Health Dept. expects to see more travel-related Zika virus cases
Now that it’s confirmed two locals contracted the Zika virus after traveling to Zika-prevalent areas, the Hamilton County Health Department is relying on residents’ individual efforts in trying to prevent the spread of the virus to the area.
“The best way to prevent Zika is to prevent mosquito bites,” said Bev Fulbright, epidemiology manager for the health department. The goal is to stop a local transmission, to keep a Chattanooga-bred mosquito from biting an affected individual and spreading Zika to another person.
In the neighborhoods where the two individuals live, the health department went door to door educating residents on dealing with mosquitoes.
The health department told the individuals with Zika the same things their neighbors heard: Ensure window screens are in good repair. Wear long-sleeved shirts, socks and closed-toe shoes. Comb the yard to “tip and toss” bodies of standing water even as small as a soda-bottle cap. Apply bug repellant.
The health department declined to name the neighborhoods in which it was going door-to-door.
The education campaign comes at a time when the Hamilton County Health Department expects the number of travel-related Zika cases here to grow. Additionally, the Centers for Disease Control and Prevention assumed in its interim response plan for Zika that “local summer transmission may occur in limited areas” in the states before a vaccine could be developed.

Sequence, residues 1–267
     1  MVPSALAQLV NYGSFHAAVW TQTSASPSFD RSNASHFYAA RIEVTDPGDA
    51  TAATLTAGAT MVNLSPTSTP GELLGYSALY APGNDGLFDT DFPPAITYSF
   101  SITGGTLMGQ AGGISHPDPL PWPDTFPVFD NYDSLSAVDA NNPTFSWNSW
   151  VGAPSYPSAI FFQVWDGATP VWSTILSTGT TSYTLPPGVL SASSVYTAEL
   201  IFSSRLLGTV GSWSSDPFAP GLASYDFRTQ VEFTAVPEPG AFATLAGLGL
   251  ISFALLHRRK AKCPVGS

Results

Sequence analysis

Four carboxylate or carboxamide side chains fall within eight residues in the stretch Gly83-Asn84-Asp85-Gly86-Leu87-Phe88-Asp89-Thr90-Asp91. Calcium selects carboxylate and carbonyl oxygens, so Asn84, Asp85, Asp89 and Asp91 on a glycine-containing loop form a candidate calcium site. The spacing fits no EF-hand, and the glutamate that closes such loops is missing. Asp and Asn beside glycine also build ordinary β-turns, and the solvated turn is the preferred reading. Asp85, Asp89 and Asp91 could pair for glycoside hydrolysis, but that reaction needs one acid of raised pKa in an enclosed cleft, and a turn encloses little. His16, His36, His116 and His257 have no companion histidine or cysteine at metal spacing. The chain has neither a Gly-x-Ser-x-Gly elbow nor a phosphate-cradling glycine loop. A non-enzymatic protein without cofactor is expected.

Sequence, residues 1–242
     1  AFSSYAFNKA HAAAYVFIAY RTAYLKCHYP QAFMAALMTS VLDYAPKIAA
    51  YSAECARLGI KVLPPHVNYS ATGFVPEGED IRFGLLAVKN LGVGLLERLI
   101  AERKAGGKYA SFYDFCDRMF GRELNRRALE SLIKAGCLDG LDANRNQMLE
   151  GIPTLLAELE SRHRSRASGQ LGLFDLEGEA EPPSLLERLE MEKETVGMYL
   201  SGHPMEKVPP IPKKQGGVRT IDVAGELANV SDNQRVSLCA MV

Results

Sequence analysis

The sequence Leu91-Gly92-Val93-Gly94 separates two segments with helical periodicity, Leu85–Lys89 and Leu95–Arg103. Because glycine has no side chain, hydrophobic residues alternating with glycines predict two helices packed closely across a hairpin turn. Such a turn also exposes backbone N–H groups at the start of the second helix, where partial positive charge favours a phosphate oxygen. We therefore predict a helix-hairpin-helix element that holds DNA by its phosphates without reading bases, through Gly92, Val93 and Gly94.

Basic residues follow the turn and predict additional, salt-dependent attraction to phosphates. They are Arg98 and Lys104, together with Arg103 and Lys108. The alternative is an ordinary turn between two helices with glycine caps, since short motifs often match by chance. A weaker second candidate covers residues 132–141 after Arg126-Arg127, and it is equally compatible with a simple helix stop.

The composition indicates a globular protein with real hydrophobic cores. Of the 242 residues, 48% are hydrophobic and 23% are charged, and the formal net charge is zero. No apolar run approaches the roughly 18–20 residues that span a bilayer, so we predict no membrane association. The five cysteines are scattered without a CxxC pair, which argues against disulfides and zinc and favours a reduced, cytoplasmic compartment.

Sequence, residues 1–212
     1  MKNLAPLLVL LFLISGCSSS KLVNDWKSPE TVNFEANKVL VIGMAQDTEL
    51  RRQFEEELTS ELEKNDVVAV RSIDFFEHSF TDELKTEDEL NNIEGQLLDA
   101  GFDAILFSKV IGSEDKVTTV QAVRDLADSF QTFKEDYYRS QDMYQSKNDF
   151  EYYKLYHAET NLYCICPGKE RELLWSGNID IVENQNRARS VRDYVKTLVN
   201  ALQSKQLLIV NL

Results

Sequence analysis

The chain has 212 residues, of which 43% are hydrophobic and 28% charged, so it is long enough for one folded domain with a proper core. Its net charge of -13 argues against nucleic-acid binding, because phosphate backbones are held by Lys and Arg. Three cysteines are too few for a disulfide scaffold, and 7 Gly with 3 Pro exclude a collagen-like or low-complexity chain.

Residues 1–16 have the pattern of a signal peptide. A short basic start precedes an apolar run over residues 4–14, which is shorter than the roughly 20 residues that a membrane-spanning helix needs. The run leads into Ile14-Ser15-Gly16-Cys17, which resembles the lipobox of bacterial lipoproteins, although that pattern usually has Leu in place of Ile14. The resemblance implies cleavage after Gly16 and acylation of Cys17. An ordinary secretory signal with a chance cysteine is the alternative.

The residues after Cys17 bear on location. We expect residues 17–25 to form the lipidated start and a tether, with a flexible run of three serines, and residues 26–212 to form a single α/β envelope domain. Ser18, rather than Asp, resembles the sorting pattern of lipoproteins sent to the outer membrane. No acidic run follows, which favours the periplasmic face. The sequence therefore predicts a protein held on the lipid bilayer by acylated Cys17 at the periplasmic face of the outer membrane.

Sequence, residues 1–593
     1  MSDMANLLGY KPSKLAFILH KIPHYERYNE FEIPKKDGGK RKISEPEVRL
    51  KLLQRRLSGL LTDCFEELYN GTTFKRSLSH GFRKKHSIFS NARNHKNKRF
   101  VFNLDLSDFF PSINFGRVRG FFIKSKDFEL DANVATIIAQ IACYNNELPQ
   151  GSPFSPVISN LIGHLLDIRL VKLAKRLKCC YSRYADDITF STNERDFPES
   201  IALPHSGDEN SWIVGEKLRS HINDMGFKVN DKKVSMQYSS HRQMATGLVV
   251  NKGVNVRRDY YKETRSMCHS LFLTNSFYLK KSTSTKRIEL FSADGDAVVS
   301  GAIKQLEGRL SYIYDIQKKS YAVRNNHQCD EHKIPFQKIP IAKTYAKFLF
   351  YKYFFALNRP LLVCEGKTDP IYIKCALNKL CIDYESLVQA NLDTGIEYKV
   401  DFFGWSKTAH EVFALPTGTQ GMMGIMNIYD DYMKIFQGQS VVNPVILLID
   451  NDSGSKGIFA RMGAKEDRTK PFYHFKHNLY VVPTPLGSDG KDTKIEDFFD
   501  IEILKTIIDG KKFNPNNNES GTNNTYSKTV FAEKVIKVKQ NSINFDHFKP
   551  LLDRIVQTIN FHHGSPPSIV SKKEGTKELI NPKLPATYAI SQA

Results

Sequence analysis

According to the CDC’s plan issued July 31, Hamilton County is in the second level of response to the virus. There are four levels. At this level, the mosquitoes that could carry the virus live in the area. Travelers returning to the area are found carrying the virus. And Zika may be sexually transmitted from one human to another.
For one out of five people who have Zika, symptoms are mild. Most don’t show signs they have the virus. But according to Fulbright, “For pregnant women, it’s a tremendous concern,” for the virus can lead to birth defects such as microcephaly.
Zika worried some of the customers of Brad Ledford, the owner and operator of Mosquito Squad, a company that sprays for the buggers in Hamilton and Bradley Counties. Most of the people contacting Ledford this year simply wanted to enjoy their outdoor spaces mosquito-free. But Ledford wrote in an email, “Earlier this year, with the Zika reports, I had several new customers with concerns about Zika and pregnancy.”
The heat wave Chattanooga had over the last few days, combined with any standing water, was a boon for the mosquito population, Ledford said. Mosquito activity usually ends in late October when the first frost hits.
If there is a local transmission of Zika between now and then, the health department will consult with the Tennessee Department of Health to learn exactly how to respond. Still, the message of preventing bites and reducing standing water would remain the same.
Besides, taking these steps makes good sense, according to Dan Walker, an epidemiologist for Hamilton County. “There’s this focus on Zika, but there are other mosquito borne diseases too.”